To celebrate Father’s Day, six dads reflect on this momentous role; what they know, what they’re still learning – and how kids can stretch you further than any job.
Alain de Botton // Founder of The School of Life, Philosopher + Dad to Solomon and Saul
It’s a fictional creation called ‘being a father’ and I don’t think that’s a problem… but it’s a heavily edited version of me and it means, in a way, me putting aside a lot of my own needs and desires, really to be focused on somebody else. Which is kind of an odd role to play: I’m at the service of my children in many ways as a father. They love to tell me how stupid I am and that I don’t understand anything at all about anything – it’s very important to them constantly to tell me this and it certainly brings you down to earth. But it also expands you; I hated sport all my life and I have a younger son who’s a sports fanatic and it’s through him I’ve discovered that actually, watching a game of football is something that could be possible for me and I’d never ever had imagined that I would do that, but I do that. So they stretch you, in unusual and interesting ways.
Blake Mycoskie // Founder of TOMS + Dad to Summit
I think the best thing I’ve done is just give [my son] undivided attention. We have a policy where we have no phones, no computers in the same room that he’s in so we don’t find ourselves distracted when we’re spending time with him. In the house, if I need to go do some emails or make a phone call, [my wife] Heather will go watch him and I’ll go do that and… I’ll come back to him and give him my full attention. I think that’s a really important practice to get involved in because he might not totally understand it now, but definitely in another year it will have an impact. So I try to make the time I am with him very, very high quality, and very, very intentional.
Charlie Wood // Managing Director of Dropbox ANZ + Dad to three
I’m now a lot more conscious of my own actions and activities. I’m very conscious of time. Now that my kids are out of the toddler phase, I really try to minimise my business travel and avoid late nights at the office. It’s an incredible time to be together as a family and being present is very important to us all. One thing I’ve noticed recently is the change in the change. As the kids move through their stages of life I have to change my position as a father. We’re not just kindergarten-carers now – we’re responsible for helping form their world views, their values as well as their sense of humour and taste in music.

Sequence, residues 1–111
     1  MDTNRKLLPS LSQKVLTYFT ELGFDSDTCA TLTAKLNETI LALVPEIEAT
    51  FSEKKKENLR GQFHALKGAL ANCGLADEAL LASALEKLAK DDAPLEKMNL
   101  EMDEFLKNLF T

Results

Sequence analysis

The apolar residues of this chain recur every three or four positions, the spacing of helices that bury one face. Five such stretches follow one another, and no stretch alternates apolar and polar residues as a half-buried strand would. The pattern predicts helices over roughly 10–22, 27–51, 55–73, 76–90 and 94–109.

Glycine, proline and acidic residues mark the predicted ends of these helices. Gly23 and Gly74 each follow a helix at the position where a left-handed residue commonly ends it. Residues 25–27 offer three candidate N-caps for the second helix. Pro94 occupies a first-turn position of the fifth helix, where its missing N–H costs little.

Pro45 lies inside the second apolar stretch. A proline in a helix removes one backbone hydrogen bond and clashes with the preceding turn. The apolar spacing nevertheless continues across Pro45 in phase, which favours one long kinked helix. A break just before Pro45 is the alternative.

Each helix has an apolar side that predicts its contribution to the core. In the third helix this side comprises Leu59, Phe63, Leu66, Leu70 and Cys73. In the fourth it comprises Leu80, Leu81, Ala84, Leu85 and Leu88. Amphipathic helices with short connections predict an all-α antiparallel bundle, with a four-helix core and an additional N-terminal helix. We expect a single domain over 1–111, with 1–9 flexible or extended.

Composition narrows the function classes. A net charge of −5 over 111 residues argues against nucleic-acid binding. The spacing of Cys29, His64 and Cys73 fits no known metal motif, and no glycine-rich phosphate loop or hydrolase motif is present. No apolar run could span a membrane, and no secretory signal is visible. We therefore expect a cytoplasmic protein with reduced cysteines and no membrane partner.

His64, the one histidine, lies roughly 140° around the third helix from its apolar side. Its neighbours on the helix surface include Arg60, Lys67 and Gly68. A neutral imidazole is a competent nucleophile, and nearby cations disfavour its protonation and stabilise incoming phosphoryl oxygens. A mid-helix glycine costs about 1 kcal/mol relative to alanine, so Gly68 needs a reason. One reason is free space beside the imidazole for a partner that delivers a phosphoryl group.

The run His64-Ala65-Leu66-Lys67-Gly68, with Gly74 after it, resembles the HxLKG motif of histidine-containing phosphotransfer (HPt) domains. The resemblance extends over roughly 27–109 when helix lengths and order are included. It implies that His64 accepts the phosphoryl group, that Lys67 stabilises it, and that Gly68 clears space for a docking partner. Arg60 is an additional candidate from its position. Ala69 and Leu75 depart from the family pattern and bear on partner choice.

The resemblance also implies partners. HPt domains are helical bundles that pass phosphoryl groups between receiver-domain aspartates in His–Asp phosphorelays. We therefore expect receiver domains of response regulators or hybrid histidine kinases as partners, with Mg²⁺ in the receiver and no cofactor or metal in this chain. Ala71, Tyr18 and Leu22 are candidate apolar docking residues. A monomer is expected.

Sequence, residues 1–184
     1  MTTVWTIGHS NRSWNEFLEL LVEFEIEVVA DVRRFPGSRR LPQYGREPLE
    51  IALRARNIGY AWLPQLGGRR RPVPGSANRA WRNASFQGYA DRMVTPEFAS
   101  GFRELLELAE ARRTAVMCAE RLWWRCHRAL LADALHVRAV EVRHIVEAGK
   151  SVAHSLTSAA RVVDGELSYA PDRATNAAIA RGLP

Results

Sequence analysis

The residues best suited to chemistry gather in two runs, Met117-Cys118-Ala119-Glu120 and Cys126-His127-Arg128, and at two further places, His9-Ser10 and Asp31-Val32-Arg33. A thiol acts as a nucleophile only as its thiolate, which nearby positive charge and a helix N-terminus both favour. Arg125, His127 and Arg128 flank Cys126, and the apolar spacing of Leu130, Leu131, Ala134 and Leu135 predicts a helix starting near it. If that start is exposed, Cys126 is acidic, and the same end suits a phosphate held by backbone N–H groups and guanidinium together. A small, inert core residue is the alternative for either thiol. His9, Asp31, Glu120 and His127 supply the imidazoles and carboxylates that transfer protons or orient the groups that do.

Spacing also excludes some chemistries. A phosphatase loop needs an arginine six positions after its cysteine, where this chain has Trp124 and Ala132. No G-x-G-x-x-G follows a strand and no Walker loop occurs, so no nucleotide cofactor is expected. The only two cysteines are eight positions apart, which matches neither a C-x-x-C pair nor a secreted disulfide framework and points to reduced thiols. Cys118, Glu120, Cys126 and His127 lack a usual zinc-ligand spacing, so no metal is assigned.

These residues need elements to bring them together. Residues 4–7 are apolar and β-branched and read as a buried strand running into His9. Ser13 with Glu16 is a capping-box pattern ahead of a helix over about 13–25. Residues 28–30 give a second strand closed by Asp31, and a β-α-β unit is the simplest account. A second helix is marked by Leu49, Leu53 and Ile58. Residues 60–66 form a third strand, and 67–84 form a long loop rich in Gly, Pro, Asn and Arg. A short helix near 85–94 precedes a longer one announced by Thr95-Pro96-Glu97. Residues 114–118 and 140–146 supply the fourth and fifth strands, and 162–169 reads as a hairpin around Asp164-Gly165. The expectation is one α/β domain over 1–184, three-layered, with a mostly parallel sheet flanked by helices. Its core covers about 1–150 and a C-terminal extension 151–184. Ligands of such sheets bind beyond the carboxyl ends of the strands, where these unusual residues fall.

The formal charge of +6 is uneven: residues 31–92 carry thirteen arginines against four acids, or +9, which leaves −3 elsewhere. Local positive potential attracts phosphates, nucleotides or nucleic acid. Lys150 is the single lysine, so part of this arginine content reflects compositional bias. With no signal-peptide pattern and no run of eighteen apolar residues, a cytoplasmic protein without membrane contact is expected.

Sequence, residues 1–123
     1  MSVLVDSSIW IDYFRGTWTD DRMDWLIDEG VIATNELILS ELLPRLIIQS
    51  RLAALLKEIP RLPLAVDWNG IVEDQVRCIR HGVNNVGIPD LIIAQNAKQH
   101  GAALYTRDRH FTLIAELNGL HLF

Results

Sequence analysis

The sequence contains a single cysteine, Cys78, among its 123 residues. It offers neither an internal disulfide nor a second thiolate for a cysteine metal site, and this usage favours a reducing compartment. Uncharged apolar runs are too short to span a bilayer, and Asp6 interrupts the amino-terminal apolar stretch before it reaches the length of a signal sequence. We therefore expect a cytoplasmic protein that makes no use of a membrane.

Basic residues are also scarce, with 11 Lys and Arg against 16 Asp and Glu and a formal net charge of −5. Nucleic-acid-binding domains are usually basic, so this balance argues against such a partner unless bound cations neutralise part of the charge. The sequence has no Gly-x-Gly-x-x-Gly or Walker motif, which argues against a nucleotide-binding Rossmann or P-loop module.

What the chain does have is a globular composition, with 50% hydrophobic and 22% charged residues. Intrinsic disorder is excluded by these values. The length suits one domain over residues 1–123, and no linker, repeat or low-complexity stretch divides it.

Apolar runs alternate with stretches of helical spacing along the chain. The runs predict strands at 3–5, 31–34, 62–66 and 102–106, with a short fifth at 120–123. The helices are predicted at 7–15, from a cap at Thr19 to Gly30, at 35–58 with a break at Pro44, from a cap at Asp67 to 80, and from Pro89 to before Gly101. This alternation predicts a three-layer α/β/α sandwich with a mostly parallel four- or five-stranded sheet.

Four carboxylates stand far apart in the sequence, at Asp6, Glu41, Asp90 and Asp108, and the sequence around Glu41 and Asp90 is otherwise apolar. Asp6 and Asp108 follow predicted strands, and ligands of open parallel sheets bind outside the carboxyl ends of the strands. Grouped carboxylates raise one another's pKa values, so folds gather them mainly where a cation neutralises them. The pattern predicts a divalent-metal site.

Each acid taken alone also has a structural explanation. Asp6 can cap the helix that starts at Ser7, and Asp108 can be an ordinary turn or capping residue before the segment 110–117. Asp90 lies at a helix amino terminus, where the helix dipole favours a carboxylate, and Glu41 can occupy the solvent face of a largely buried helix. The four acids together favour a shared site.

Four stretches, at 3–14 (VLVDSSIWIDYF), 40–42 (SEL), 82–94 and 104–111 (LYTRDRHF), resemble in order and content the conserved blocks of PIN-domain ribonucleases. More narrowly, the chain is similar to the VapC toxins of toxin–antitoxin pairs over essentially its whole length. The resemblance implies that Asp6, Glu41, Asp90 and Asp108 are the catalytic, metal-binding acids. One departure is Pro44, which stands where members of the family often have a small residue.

Mark Newman // CEO and MD at Oroton + Dad to Emily, Annabel & Julia
Fatherhood is the single most important thing I have done in my life. [It has] fundamentally changed many things about me from that day forward. The obvious sense of responsibility is more than compensated for by the enormous sense of joy and happiness the girls have given me, and I have learnt to be a more patient and understanding person. [I was surprised to learn] that no matter how much you tell yourself you will not do
to your children what your parents did to you, you end up doing exactly that. And how much money it costs – although they are worth every penny!
Tim Cahill // Fashion Designer at Cahill+, Soccer player + Dad to Kyah, Shae, Sienna and Cruz
I think the main thing for me is just to have fun. I suppose it’s hard because I want to be the ‘fun dad’ but at the same time I like them to be disciplined. I hate it when I miss their soccer games and I hate it when I miss stuff. But I think if you can capture the moments and give them your attention, which they need, I think that’s most important. I’ve got four kids so I understand that time with them is important… I tell them I love them and hug them, even if they’re naughty. I think that’s what’s most important for any dad, is to give your kids love and affection. Just support. Support them in what they do. You can’t be too hard on them, especially when it’s [about] football or stuff like that; the main thing is just being there for them.
Tony Ward // Managing Director of SurveyMonkey APAC + Dad to Bella
I know it may sound like a cliché, but fatherhood has made me stop and appreciate the small things. I get great joy watching my eight-year-old figure things out and growing up to be a strong, confident woman. [There’s] so much joy and pride in herself when she does new things. The most surprising thing about being a dad is how hard it is to be a good parent! To be present and attentive with all the noise that is in our daily lives and to focus on what is truly important.